Given the sheer number of farms across New Zealand, both in towns and far outside of them, it’s easy to hop from one place to the next as a means for supporting your personal travel. Also, WWOOF is such a commonly known program and New Zealand such a friendly country that you could easily ask others for farm recommendations.

WWOOFing in New Zealand
 Courtesy of Cindy Brzostowski

Each farm I visited was an entirely different experience. While at a flower farm in Kumeu, I spent all my time weeding in a hot tunnel house, knocking out hours and hours of podcasts in the process. At a mushroom farm in Mangawhai, I helped grow and pick beautiful, flower-like mushrooms and spent my free time exploring the many white-sand beaches nearby. During my stay at a saffron farm in Te Anau, I held in my hands bright red saffron threads that were worth more than I felt comfortable thinking about, and then spent other days putting up livestock fencing along an isolated hillside and taking care of beehives.

Having grown up in the suburbs of a large city, my prior knowledge of the ins and outs of farm life was limited. Stemming from this lack of experience, I came to New Zealand generally feeling intimidated by certain manual labor tasks. Then, here I was cutting sheetrock and installing insulation to restore a century-old home; taking the lead on feeding an assortment of chickens, ducks, and pigs; and leaf plucking grapevines to prevent fungus growth. With each new farm activity I helped out with, I gained more confidence in my ability to push past discomfort and expand my skill set as I saw what I could achieve with my own two hands and a real desire to grow. 

The differences between farms weren’t just in the kind of work I was doing, though. Every place had its own schedule (from strict starting times to flexible rules depending on our moods or weather), type of accommodation (including private and shared rooms either part of the host’s living area or completely separate), and other WWOOfers there (sometimes I was the only one). More than that, each farm had its own rhythm that I had to adapt to. It was a privilege to be welcomed with open arms into my hosts’ lives, to experience their day-to-day existence not just in terms of their profession but also little things like the food they cooked and ate and how they spent their free time. I vividly remember the delicious real fruit ice cream, a Kiwi staple, we made and snacked on during our breaks at the raspberry farm, and the evenings spent watching "Married At First Sight" with my older saffron farm hosts.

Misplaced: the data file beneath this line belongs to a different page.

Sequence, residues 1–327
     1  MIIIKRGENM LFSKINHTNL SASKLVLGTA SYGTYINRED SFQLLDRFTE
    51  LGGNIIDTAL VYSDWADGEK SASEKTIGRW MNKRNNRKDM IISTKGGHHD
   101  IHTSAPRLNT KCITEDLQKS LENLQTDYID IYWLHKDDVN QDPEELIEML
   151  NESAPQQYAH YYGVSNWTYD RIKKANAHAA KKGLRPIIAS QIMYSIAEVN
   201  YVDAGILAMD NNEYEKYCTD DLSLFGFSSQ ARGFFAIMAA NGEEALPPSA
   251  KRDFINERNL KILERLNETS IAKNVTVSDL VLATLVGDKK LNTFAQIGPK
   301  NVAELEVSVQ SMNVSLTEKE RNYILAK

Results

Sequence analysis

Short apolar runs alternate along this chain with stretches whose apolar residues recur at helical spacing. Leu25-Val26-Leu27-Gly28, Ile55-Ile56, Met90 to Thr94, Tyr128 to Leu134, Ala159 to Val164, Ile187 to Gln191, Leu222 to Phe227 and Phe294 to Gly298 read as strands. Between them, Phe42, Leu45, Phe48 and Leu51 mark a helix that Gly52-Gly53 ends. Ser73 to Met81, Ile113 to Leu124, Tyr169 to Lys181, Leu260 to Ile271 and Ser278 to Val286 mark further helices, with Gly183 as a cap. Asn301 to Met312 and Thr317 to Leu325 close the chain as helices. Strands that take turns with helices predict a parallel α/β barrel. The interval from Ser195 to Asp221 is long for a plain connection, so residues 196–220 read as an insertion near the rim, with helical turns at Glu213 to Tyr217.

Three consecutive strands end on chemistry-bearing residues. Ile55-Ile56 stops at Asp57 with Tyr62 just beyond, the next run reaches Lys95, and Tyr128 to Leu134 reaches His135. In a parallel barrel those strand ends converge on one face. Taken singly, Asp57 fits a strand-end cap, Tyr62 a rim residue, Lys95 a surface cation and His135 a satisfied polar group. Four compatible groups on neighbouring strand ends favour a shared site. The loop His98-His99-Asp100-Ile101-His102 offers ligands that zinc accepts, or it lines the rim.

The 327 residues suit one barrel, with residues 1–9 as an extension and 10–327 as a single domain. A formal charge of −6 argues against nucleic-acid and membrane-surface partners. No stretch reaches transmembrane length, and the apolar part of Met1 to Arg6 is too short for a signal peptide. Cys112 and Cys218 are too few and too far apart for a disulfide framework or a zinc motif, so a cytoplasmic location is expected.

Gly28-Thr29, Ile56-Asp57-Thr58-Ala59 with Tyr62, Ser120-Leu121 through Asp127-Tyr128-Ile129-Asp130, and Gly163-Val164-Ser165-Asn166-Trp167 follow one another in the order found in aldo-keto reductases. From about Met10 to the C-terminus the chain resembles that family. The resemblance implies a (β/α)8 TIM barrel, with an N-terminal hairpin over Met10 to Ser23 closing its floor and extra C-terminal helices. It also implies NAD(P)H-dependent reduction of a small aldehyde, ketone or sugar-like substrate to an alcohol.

All in all, WWOOF presented the unique opportunity to understand someone else’s way of life by living it. While I never had plans then or now to pursue agricultural work after New Zealand, I knew that this invigorated sense of empowerment and awareness of what can be gained when you step outside of your comfort zone would continue to prove its worth throughout my future. You don’t need to be a farmer (or future farmer) to get something out of WWOOF. I would argue that you get even more out of it by not being one. All you need is a willingness to learn and challenge yourself, and you’ll be guaranteed a memorable adventure. 

WWOOFing in New Zealand
Courtesy of Cindy Brzostowski 

WWOOFing Basics

  • Be selective with the photos you choose for your WWOOF profile. Pictures of you enjoying the outdoors, being active, and even working on other farms will help potential hosts see you’re ready to get out there and get your hands dirty.
  • Personalize the messages you send to hosts. It’s tempting to copy and paste the same formulaic letter to multiple places when looking for a gig, but it’s in your favor to add a couple of notes about why their farm in particular interests you rather than it seeming like you just really need a place to stay.
  • Be clear on expectations. It’ll make your stay a whole lot more pleasant if you and your host have set ground rules from the beginning about your work schedule, breaks, and living arrangement. Each host has their way of doing things, so by taking the time to have an open, honest conversation in the beginning, you can both avoid feeling misunderstood or taken advantage of.
  • Request feedback from your host after your first gig. Depending on where you are, it can be difficult getting accepted for your first WWOOFing gig as a new member of the platform. Once you have some positive feedback on your page, it should make things a little easier since you’ll be vetted for future hosts.

How to Be a Good WWOOFer

  • Ask questions. If you’re not sure about how something should be done or you need instructions repeated, don’t be afraid to ask your host. Otherwise, you may be putting yourself, other WWOOFers, or your host’s livelihood at risk.
  • Don’t always wait to be given tasks. When you’re finished with all of your assignments and still have some work hours left, check in with your host to see how else you can be helpful—they’ll appreciate your proactiveness.
  • Keep a close eye on how your host does things. While they should be giving you the instructions you need, you’ll be able to learn a lot (and make their lives easier) just by following their example.
  • Check with your host about internet usage. Unlimited internet isn’t always a given, so you don’t want to run up your host’s internet bill by streaming Netflix every night because it may be normal for you back home.